Heritage of Centuries | 2019 | No. 2 (18) | Yulia RousinaEvgenii Iantsevich

 

Students’ Everyday Life
in the “Dashing 1990s”: Based
on Oral Interviews with Lecturers
of the Faculty of History
of the Ural Federal University

 

© Yulia A. Rousina

Cand. Sci. (National History),
Assoc. Prof., Department of Russian History,
Ural Federal University
iulia.rusina@urfu.ru

 

 

 

 

© Evgenii S. Iantsevich

Graduate student (History of Russia),
Department of Russian History,
Ural Federal University
holden95@mail.ru

 

 

 

UDC [94(470)’’1991…’’:378.18]:303.621.32(470.54-25)

Аbstract:This study is devoted to the period of the 1990s, which had an impact on many processes in the modern Russian society. The history of the everyday life of the first post-Soviet decade, due to a small chronological distance, is promising for a study within the framework of the oral-historical discourse. The aim of the article is to analyze everyday practices in the field of higher education, as well as the perception of the changes that the 1990s brought both to the university system and to the socio-political life of the Russian society, based on oral history methodology.
The sources for the study were ten in-depth interviews of professors of the Faculty of History of the Ural State University named after A.M. Gorky (USU, now the Ural Federal University) who studied at this university in the period under study. At the time of the survey, the “former students of the 1990s” held positions of teaching staff, having academic degrees and titles, that is, their evaluative judgments and memories can be qualified as views of university professors of a certain generation. During the interview, participants answered various questions grouped into thematic blocks: circumstances of entering the USU Faculty of History, reasons for choosing the university and the specialty; the place of the university and the Faculty of History in the hierarchy of the Ural higher educational institutions and other faculties of the university; the educational process, relationships with professors; extracurricular life; student life, communication in the student environment. The interviews also touched upon the questions of the first intakes of the master’s programs, options for student earnings, the range of food in student canteens and cafeterias, the problem of drug trafficking among students and the reaction of students to the exacerbation of the criminal situation, the channels of passing on faculty traditions, etc.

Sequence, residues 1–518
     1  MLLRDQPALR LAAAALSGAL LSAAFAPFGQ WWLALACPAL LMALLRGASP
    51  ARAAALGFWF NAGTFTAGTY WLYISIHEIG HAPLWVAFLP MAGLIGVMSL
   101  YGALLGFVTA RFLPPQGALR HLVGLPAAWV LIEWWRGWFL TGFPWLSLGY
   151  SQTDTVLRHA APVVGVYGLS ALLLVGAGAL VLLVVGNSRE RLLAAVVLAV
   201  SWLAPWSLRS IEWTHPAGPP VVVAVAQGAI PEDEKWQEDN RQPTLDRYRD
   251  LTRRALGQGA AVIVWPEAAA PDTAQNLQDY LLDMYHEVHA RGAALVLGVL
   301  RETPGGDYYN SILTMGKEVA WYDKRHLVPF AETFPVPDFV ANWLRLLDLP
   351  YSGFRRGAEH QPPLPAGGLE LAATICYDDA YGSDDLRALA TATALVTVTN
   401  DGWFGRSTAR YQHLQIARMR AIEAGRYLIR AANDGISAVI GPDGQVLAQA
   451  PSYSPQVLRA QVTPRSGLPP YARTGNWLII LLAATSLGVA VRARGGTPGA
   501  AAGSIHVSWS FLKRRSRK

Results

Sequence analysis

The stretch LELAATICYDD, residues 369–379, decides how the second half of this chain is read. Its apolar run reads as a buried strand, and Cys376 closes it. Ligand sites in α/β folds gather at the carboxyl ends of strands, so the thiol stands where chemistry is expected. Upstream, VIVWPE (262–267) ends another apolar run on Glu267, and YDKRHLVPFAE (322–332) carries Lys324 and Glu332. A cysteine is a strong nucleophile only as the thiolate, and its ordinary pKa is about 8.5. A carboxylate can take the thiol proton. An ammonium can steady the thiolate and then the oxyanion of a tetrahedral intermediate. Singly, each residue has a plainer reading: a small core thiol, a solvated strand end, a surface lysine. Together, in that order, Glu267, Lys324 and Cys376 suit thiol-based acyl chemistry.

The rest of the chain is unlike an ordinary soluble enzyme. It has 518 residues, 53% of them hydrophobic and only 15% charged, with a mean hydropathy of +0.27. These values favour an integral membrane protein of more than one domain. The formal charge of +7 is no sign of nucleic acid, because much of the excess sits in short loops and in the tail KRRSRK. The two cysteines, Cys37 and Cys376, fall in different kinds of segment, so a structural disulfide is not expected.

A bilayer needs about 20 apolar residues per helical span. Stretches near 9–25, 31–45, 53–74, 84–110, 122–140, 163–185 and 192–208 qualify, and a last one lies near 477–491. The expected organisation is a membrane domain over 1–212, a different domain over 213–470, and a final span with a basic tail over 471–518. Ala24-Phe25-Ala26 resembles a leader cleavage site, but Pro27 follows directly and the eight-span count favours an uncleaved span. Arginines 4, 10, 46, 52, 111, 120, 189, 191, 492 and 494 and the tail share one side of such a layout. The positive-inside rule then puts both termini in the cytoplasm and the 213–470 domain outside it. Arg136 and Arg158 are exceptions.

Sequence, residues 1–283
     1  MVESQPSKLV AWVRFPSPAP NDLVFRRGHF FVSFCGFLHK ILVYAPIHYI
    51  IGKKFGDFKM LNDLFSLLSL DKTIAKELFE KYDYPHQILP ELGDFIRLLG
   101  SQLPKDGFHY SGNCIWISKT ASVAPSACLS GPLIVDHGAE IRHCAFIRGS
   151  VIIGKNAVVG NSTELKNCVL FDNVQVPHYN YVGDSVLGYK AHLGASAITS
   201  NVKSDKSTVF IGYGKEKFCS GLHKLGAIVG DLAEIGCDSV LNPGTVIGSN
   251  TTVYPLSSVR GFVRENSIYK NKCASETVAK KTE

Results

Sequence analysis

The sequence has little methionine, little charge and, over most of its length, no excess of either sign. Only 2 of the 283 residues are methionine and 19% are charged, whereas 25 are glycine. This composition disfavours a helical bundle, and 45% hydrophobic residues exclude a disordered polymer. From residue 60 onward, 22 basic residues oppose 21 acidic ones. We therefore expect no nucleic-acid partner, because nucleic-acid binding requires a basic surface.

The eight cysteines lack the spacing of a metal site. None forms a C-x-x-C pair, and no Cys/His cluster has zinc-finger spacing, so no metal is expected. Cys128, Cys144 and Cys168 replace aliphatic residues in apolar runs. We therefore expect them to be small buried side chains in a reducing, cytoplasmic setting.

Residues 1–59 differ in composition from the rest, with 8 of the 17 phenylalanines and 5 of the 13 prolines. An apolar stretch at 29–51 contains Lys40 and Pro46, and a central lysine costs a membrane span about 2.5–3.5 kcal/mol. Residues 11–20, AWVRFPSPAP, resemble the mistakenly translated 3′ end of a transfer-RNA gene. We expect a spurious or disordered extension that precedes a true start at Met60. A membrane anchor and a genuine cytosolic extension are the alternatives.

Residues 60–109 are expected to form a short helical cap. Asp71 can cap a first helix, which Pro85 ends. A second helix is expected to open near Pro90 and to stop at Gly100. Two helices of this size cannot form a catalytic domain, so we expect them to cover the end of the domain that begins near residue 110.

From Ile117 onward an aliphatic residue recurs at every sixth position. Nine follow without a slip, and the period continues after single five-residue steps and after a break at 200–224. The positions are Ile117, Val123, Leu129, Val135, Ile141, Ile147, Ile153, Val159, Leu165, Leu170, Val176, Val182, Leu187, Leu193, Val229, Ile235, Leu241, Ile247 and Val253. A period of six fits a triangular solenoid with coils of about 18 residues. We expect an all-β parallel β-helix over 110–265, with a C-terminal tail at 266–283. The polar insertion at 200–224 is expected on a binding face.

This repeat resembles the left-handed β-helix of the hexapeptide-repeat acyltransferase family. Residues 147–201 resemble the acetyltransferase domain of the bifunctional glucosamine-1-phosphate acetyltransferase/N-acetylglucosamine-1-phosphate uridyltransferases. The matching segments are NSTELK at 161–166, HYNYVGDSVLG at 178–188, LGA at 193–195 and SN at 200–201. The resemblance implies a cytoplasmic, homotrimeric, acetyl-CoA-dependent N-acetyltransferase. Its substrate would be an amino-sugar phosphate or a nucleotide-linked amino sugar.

Thus, as a result of the research, the important aim of involving the materials of interviewing participants of events with a significant informational potential, which allow to consider a wide range of issues, from general social and political problems to educational and everyday details of the life of post-Soviet students, has been reached. The specificity and significance of the analyzed interviews as historical sources is associated with their belonging to university history professors, whose perception of the past is influenced by their professional skills, formed analytical view and desire for reasoned assessments.

Keywords: 1990s, Middle Urals, Yekaterinburg, higher school, Ural State University named after A.M. Gorky, students, oral history, social history, history of everyday life, оral-historical interview.

Funding: The article was prepared with the financial support of the Foundation “The Presidential Center of B. N. Yeltsin” in the framework of the project “Social History of Russia (1990s)”.

Article information: Received on May 6, 2019, signed by the print, volume 2 / 2019 on June 20, 2019, published on June 30, 2019.

Full bibliographic reference to the article: Rousina, Yu. A. & Iantsevich, E. S. (2019) Students’ Everyday Life in the “Dashing 1990s”: Based on Oral Interviews with Lecturers of the Faculty of History of the Ural Federal University. Nasledie vekov – Heritage of Centuries. 2. pp. 52-59. [Online] Available from: http://heritage-magazine.com/wp-content/uploads/2019/06/2019_2_Rousina_Iantsevich.pdf (Accessed: dd.mm.yyyy). (In Russian).

 

 

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